W3C home > Mailing lists > Public > xmlschema-dev@w3.org > June 2007

Re: Understanding Restrictions on Groups

From: Eliot Kimber <ekimber@innodata-isogen.com>
Date: Tue, 26 Jun 2007 07:52:24 -0500
Cc:
Message-ID: <46810C08.2030807@innodata-isogen.com>
To: <xmlschema-dev@w3.org>

Michael Kay wrote:
>> The motivation is to provide an invariant rather like that of 
>> object-oriented programming languages:  any valid member of a 
>> type defined by restriction is also a valid member of the 
>> type defined by its base.
> 
> I think that what this demonstrates is that's there's a set of use cases
> where what people want is "a schema that's the same as X except for
> difference D", with no constraints on the nature of the difference D - it
> might be making a mandatory element optional, or adding values to an
> enumeration, or changing something from float to double.
> 
> People imagine that's what xs:redefine was designed for, and perhaps it
> should have been. Rather like overriding in XSLT, come to think of it - no
> constraints requiring compatibility with whatever it is you are overriding.

Exactly: I think I (and the DITA schema developers) took the name 
"redefine" at its word as the mechanism by which things could be 
redefined, not restricted. We already have restriction and substitution 
groups and we've already demonstrated that they are insufficient or 
inappropriate for the use case of simply allowing unconstrained 
reconfiguration of base declarations.

It may be that in the specific DITA case of enabling reconfiguration of 
content models that substitution groups would work *if* the current 
restrictions were relaxed such that any restriction that satisfied the 
original content model would be allowed, but that not being the case, we 
had to look for another method by which specializing schemas could 
conveniently re-configure base content models.

In the case shown here, which I think is not a-typical, I have (in DITA 
terms) specialized element "A" to create new element type "B" and I want 
to both allow "B" where "A" was allowed and disallow the use of "A". 
With the current behavior, I can allow "B" in addition to "A", but I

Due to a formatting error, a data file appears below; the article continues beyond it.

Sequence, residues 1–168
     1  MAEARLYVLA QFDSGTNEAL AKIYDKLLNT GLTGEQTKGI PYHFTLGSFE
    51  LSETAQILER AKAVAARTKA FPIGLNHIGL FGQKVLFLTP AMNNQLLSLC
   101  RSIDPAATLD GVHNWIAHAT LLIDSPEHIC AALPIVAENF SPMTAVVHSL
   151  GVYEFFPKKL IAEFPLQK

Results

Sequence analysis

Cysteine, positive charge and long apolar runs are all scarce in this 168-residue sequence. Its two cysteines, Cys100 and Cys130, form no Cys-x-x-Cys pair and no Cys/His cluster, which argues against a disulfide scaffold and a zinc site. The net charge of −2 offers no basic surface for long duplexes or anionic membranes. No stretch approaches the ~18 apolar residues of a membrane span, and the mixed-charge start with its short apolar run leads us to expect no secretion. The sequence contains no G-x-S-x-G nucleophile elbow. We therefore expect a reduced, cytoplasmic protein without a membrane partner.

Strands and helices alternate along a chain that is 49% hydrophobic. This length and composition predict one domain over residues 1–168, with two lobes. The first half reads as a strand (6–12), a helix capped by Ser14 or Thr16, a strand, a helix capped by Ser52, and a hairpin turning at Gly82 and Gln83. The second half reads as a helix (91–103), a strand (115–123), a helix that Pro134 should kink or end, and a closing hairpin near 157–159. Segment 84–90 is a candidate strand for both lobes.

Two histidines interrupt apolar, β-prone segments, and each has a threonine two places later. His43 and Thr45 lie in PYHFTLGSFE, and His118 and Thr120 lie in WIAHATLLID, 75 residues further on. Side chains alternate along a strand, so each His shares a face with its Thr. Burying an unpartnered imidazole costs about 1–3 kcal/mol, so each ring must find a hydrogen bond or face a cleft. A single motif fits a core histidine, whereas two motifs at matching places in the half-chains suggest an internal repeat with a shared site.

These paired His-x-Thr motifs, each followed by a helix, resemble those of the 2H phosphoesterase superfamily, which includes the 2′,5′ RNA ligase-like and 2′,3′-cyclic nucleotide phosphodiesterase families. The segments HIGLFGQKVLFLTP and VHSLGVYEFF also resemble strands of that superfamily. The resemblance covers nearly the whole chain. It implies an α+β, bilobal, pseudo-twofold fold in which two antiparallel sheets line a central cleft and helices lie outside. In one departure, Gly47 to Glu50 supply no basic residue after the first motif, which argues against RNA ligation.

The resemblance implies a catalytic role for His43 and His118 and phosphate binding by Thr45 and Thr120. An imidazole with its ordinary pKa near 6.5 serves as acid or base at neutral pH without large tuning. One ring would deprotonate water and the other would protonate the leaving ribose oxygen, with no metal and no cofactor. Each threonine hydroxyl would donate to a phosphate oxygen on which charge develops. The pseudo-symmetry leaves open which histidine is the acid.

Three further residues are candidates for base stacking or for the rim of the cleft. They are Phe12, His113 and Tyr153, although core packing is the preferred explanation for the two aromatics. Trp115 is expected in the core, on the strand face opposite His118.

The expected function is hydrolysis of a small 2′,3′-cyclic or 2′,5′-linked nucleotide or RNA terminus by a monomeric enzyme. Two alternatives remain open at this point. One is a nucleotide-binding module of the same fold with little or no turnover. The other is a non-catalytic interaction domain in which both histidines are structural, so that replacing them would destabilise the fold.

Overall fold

cannot then also disallow "A" (ignoring the trick Henry showed, which I 
cannot of course use in a standard if it's likely to be disallowed in 
XSD 1.1).

In the DTD version you can just redeclare the parameter entity 
corresponding to the "a" group in this example, e.g.:

Base parameter entities (in base.ent):

<!ENTITY % a "A">
<!ENTITY % c "C">

<!ENTITY % para.content
   (%a; |
    %c;)*
 >

Overriding parameter entities:

<!ENTITY % a "B">
<!ENTITY % baseEntityDecl
   SYSTEM "base.ent"
 >%baseEntityDecl;

Making the effective value of %para.content; "(B | C)*"

Without the ability to do this in XSD schemas, there is really no way 
for something like DITA (or DocBook) to use schemas directly--the only 
non-DTD option will be to generate them from some other form, either a 
private XSD variant or something like RelaxNG. However, a 
generation-based process does not have the same convenience 
characteristics that using schemas directly would have, significantly 
increasing the cost and complexity of creating variant schemas, 
something that is central to the productive use of DITA (creating local 
specializations) and pretty central to the productive use of DocBook as 
well. DocBook has already stepped up to use RelaxNG as the base form of 
its normative schemas but DITA has not.

Personally, I think that using RelaxNG and then generating is not the 
best thing for a standard to do, especially one tightly aligned with W3C 
standards. That's one reason the limitations on redefine are so frustrating.

Cheers,

Eliot
-- 
W. Eliot Kimber
Professional Services
Innodata Isogen
8500 N. Mopac, Suite 402
Austin, TX 78759
(214) 954-5198

ekimber@innodata-isogen.com
www.innodata-isogen.com
Received on Tuesday, 26 June 2007 12:51:45 GMT

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